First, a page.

Firstly, the builder who constructed the parking bay/kerb etc. has an obligation to not transgress into another property. Whilst he can be guided by a fence line, the siting of the fence (as you point out) is not the authority on the alignment of boundary; it should have been established from title deeds. However, there is a defence that a 'true' boundary can 'vary' from the title by up to about 6 - 8 inches, clearly not a good point in your favour.

I would proceed to a higher authority within your insurance company; you are paying a premium for protection of your rights and they're not affording you such protection. Your policy entitles you to representation and assistance.
where various posters have alluded to the merits (or otherwise) of such insurance.
You have done the right thing in trying to first rectify the situation with your neighbour- your two pronged attack should come from both your insurance company and assistance (hopefully) through your local Citizens Advice Bureau. Regards, Nigel

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Post by Danny » Sun May 08, 2005 10:51 pm

If you know the exact postion of the boundary you could maybe add x inches of timber to your excisting fence posts( neighbours side) replace fence/panels. The fence/panels would extend to overhang above the concrete drive, reclaiming your land?. Professional advice should be sought before attempting/carrying this out.

Although 4 years old, you may be interested in reading the following case, which uncannily is very, very similar to yours. Below is a link to the summary of the case which also provides link to the actual case. There are several ways in which to interpretate the actual case and the judges decision. ( lets us know your interpretation ) ... idx=218543
Last edited by Danny on Sat May 21, 2005 7:30 am, edited 2 times in total.

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Post by Mikey » Tue May 10, 2005 5:36 pm

Many thanks to both nigelrb and Danny for your responses.

A very interesting link you kindly provided, Danny. The case is indeed very similar and the term 'de minimis' used in the proceedings is certainly not encouraging.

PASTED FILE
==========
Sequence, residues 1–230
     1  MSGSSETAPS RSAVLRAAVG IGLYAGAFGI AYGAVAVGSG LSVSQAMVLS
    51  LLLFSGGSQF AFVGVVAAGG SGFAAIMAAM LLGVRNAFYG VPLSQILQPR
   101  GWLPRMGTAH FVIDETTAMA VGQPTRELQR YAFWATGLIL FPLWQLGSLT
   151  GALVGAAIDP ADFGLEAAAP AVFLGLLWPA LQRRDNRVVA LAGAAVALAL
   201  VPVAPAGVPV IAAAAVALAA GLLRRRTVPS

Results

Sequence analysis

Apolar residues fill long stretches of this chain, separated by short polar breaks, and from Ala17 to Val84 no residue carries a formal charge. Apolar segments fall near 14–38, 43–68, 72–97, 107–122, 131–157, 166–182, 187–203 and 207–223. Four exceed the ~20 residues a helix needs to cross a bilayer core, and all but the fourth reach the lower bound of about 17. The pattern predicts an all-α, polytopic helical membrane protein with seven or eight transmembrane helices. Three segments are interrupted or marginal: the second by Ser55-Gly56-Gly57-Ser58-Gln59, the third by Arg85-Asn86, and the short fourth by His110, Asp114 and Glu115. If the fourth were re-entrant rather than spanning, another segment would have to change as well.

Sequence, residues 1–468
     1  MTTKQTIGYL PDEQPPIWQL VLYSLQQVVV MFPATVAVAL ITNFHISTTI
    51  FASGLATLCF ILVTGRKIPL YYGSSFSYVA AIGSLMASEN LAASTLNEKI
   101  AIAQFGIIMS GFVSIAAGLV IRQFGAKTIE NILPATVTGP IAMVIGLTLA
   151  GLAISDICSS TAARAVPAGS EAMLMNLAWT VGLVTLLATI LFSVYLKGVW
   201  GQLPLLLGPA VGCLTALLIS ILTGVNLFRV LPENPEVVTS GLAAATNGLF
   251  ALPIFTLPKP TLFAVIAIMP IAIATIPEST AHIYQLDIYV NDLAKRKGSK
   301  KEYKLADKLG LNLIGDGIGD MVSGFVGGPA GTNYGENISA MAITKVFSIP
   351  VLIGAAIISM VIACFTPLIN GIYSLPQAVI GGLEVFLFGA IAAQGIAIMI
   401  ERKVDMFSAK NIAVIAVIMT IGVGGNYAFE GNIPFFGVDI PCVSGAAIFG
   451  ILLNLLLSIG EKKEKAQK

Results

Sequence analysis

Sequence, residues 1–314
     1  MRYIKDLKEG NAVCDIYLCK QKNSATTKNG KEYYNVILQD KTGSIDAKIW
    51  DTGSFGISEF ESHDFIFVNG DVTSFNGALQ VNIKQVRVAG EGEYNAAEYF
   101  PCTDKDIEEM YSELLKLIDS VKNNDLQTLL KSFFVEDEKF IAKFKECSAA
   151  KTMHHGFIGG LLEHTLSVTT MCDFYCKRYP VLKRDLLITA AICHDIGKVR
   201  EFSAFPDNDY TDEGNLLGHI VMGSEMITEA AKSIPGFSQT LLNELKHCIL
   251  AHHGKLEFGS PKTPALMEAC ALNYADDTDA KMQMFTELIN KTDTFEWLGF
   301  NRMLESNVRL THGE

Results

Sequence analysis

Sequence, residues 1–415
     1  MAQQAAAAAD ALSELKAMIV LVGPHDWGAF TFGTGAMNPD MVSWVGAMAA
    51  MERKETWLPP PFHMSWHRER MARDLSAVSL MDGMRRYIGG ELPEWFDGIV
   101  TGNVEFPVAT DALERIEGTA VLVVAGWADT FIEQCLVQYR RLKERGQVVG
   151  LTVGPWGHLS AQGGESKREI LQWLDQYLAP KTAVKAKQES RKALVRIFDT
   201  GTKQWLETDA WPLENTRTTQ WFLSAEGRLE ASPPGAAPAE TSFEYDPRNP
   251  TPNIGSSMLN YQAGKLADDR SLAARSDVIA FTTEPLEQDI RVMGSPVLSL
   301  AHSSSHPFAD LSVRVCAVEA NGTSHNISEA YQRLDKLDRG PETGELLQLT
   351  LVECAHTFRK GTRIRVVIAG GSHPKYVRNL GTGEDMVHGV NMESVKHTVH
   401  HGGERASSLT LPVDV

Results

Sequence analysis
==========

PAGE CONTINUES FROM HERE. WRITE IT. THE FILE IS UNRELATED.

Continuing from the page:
I agree that in the grand scheme of things (in our case) an area of land 3 to 4 inches by some 18 feet is hardly a matter which I feel courts would particularly relish resolving and if it was out of sight at the end of the garden we would probably just let it go. The added complication is that with the new driveway layout we now have a car parked (headlights first) about 3 feet from our living room window and we really need to replace our fence with something more substantial and thought a wall with a carefully controlled hedge would offer both security and privacy.

The hedge is easily planted but the problem comes about when we want to build the wall. The concrete footings mean we would have to build the wall at the current fence-line (i.e. to the concrete) and since the wall would be a permanent feature we would forever lose the use of that slice of land plus the space taken up by the wall - not to mention the fact that our garden is only small to start with - approx 18 feet x 25 feet {length of garden from house x total length of frontage, half of which is taken up by our own driveway}.

We could as Danny suggests extend our fence posts over the footings but the land would still not be ours to do with as we wished because someone has built on it - Unless we 'incorporated' it into the wall's foundations - but then wouldn't we be liable to prosecution for criminal damage?

We have downloaded our title register and plan from the Land Registry which indeed shows a line (albeit dotted) extending from the exact centre of the two properties. Other properties on the plan either have a solid line or nothing at all but in practice everyone clearly builds to the centre-line.